News articles related to ferries in Scotland in recent times have generally not made for pleasant reading, with "cost overruns" and "delays" being perhaps the most (over)used words. However, a project to produce one of the world's first hydrogen powered ferries brings a vision for a more hopeful future, at least within certain scenarios.
Hydrogen is a fuel where the only by-product is "water so pure you can drink" and green hydrogen (used here to power the ferry) is generated entirely by renewable energy or from low-carbon power. The method used here to produce the green hydrogen is electrolysis of water (splitting water molecules into oxygen and hydrogen), which accounts for less than 0.1% of total hydrogen production. However, with declining costs of renewable energy, there is an increasing interest in electrolytic hydrogen and predictions that it will eventually become cheaper than fossils fuels.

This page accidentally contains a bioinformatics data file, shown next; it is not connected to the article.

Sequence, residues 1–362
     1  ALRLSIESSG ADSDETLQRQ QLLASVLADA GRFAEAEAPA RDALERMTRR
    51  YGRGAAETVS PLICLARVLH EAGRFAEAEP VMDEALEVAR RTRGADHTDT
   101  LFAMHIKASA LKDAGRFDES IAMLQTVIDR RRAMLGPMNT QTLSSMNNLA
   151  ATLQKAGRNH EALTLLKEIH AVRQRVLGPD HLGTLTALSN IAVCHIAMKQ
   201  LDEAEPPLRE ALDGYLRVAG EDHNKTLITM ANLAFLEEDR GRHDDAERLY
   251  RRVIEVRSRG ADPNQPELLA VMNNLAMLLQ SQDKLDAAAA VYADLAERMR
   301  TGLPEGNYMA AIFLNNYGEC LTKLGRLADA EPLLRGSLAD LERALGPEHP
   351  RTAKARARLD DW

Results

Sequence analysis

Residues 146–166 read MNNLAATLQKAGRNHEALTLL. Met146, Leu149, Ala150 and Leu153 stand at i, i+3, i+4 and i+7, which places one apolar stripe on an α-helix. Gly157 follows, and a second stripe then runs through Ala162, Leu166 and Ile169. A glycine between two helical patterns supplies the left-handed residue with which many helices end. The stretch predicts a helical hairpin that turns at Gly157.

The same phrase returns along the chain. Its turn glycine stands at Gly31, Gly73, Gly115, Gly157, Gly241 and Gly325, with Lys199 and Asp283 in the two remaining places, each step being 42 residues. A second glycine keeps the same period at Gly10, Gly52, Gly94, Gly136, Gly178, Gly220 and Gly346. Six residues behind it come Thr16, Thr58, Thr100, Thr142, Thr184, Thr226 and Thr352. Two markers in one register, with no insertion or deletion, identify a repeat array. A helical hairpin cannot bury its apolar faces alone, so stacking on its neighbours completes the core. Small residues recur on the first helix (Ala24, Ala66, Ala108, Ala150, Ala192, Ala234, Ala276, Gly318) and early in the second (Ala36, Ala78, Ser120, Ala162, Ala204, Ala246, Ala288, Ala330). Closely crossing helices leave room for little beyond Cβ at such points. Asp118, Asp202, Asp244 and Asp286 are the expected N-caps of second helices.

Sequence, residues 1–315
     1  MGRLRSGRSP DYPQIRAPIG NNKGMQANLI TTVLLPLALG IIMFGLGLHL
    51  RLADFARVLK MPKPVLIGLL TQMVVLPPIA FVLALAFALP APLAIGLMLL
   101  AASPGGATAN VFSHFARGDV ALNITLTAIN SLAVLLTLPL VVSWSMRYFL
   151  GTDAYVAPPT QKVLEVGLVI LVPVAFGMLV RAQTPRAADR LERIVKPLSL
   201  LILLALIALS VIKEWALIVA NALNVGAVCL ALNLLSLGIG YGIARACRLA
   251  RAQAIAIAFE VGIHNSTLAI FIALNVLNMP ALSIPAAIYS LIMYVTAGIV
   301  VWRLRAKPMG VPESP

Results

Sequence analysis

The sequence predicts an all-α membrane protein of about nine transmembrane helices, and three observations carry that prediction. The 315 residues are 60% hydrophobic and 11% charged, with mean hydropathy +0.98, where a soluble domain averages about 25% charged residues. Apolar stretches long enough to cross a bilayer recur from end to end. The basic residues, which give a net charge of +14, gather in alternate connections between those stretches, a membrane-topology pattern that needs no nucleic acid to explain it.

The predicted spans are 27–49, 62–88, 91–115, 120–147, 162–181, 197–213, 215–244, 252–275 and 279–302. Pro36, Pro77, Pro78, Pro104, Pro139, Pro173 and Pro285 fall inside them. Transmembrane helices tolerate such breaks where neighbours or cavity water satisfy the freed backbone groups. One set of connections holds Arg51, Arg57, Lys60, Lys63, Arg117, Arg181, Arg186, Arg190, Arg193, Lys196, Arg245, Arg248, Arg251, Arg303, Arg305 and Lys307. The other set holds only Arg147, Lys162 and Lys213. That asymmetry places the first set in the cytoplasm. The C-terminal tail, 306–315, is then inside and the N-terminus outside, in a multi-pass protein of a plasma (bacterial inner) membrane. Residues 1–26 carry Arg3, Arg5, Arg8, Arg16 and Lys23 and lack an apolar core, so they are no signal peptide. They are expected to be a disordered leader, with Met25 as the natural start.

With an ever increasing focus on sustainability and local sourcing, having a vessel powered by green hydrogen, which is locally sourced and produced using wind turbines that would otherwise be shut down for periods where the National Grid cannot handle the surplus electricity, appears to provide a number of really promising benefits that are worthwhile pursuing.
However, overcoming the technical challenges and finding the funding and political willpower to succeed in this complex undertaking is a lengthy and difficult process; this project in one incarnation or another has been running for a decade. Protecting the inevitable substantial investment associated with this work, so that the benefits of this cutting edge work can be realised in the future, is an important aspect. Demonstrating this to potential investors and partners, e.g. using patent protection which could be used to try and stop third parties from copying any inventions resulting from the work, may determine whether this project will stay the course or find itself in choppy waters in the long run.